Temperatures Are Expected To Begin Cooling On Thursday
If you're not loving this latest heat wave, here's some good news: today (aka Wednesday Sept. 28) is expected to be the last day of extremely high temperatures in and around Los Angeles County. Then, the weather should starting to cool on Thursday.
According to the National Weather Service, temperatures will start to drop in coastal areas first.
However, heat warnings issued by NWS are still in effect through the end of Wednesday for L.A.'s coastal valleys, inland Orange County, the valleys of San Bernardino and Riverside Counties and the Coachella Valley.
Those warnings are expected to be lifted by 8 p.m.
Very HOT conditions through Wednesday for the interior coast & valleys of LA County, and above normal for the Ventura Valleys & SMO Mtns. Use caution with outdoor activity! Never leave kids or pets unattended in your car! #SoCal #CAwx #LAheat pic.twitter.com/7rdks1Qmq9— NWS Los Angeles (@NWSLosAngeles) September 26, 2022
There's a slight chance for showers and thunderstorms across the mountains, high desert and eastern portions of the inland valleys.
Cool temperatures are expected to continue through the weekend.
And we can all be grateful here in Southern California that we're not in the path of Hurricane Ian, which has hit Florida with damaging winds and rains.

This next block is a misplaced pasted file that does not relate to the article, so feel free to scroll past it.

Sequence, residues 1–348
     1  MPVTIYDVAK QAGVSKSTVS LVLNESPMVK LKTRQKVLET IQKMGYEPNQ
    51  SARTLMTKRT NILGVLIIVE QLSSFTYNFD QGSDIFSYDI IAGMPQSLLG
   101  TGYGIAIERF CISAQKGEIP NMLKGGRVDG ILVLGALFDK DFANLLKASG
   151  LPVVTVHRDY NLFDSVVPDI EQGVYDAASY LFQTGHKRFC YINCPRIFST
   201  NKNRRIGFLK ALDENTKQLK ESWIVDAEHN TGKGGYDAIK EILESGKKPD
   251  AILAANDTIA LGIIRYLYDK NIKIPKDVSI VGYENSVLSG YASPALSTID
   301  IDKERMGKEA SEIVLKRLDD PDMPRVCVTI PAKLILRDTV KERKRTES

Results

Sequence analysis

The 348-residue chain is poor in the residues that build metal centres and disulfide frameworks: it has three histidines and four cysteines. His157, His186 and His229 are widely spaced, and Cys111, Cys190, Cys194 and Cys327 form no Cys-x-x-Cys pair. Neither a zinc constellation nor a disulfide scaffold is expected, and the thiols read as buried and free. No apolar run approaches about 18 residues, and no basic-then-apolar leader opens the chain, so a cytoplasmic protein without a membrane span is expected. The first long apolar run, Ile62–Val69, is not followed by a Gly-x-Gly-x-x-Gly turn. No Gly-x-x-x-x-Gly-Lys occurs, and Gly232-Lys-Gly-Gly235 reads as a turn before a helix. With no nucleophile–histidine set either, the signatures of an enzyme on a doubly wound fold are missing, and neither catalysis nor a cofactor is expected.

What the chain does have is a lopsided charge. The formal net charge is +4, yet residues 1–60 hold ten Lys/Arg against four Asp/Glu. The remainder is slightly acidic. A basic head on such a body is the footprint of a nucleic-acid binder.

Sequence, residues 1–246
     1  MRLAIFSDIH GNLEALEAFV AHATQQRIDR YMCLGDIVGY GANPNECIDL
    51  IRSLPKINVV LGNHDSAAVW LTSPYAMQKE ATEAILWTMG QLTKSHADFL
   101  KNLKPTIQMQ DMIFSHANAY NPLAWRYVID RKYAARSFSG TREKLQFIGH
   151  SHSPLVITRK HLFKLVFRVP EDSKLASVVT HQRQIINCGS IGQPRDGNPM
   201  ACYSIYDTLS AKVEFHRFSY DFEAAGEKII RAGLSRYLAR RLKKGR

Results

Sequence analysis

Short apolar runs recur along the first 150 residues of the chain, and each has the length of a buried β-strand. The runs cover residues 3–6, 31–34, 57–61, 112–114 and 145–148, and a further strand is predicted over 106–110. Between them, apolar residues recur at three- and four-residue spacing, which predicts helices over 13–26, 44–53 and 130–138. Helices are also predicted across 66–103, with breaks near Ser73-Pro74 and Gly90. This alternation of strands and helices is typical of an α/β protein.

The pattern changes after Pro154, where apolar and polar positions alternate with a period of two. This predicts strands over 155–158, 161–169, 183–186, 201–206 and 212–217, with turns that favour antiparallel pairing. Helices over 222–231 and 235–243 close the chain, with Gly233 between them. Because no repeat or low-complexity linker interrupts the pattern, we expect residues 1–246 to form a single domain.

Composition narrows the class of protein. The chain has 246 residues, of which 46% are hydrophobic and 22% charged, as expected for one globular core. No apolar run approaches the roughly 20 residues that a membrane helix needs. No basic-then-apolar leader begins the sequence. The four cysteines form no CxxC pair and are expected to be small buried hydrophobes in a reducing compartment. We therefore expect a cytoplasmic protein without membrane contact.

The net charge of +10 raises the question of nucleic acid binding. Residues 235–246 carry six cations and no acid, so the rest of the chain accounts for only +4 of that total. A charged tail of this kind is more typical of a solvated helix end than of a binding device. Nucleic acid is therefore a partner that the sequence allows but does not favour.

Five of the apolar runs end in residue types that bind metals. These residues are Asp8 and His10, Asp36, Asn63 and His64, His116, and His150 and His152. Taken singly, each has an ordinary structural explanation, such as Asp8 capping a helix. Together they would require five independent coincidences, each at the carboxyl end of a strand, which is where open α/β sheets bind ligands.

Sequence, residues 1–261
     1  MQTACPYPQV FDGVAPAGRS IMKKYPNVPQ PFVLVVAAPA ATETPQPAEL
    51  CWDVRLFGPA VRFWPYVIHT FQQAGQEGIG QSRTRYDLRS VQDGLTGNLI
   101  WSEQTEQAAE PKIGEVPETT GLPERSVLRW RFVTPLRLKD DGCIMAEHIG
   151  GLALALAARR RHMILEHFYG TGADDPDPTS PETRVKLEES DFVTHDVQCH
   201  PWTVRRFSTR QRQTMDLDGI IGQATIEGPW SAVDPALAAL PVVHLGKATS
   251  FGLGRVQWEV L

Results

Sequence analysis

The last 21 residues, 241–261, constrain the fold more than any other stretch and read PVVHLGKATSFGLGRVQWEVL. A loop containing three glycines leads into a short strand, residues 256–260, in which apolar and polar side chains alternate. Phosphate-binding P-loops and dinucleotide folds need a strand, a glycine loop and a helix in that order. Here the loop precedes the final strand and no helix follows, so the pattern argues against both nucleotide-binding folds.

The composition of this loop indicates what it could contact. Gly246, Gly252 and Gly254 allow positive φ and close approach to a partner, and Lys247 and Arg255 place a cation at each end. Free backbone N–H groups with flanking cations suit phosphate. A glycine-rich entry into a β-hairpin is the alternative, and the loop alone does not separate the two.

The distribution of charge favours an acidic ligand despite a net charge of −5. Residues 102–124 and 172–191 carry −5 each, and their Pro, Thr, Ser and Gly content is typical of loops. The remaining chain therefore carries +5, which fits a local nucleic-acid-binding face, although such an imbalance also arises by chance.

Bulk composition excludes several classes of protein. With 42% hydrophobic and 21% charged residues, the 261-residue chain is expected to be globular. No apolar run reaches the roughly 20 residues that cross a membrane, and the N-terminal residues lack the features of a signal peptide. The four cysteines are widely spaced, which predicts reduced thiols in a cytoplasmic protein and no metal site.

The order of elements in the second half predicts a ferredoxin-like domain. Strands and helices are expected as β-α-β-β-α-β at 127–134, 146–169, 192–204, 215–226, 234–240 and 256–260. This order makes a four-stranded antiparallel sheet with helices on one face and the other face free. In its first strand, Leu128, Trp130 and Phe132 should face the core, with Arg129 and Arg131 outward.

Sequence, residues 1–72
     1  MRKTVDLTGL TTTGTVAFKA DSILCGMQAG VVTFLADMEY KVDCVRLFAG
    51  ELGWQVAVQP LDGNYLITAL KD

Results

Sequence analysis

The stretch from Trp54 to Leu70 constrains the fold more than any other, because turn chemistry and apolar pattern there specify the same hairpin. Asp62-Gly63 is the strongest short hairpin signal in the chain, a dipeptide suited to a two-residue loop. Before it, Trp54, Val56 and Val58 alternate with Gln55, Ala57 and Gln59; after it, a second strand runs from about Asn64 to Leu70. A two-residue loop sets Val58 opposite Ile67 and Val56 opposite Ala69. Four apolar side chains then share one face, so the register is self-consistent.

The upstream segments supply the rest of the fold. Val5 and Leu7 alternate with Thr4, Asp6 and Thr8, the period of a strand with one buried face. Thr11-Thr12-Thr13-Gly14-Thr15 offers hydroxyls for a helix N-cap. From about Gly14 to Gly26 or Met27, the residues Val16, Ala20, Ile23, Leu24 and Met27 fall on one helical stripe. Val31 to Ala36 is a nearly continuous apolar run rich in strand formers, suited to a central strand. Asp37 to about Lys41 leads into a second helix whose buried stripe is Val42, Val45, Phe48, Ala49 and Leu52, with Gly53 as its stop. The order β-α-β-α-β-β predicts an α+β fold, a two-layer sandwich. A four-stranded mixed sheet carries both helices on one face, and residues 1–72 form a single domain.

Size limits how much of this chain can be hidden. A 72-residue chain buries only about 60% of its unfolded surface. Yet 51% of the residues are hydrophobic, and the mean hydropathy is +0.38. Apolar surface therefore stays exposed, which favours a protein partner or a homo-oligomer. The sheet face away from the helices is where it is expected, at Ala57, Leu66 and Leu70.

- Don't wait until you're thirsty to drink water or electrolyte-replacements
- Drink cool water, not extremely cold water (which can cause cramps)
- Avoid sweetened drinks, caffeine, and alcohol
Protect a pet from excessive heat
- Never leave a pet or animal in a garage
- Never leave a pet or animal in a vehicle
- Never leave a pet or animal in the sun
- Provide shade
- Provide clean drinking water
Protect a human from excessive heat
Check in frequently with family, friends, and neighbors. Offer assistance or rides to those who are sick or have limited access to transportation. And give extra attention to people most at risk, including:
- Elderly people (65 years and older)
- Young children
- People with chronic medical conditions
- People with mental illness
- People taking certain medications (i.e.: "If your doctor generally limits the amount of fluid you drink or has you on water pills, ask how much you should drink while the weather is hot," says the CDC)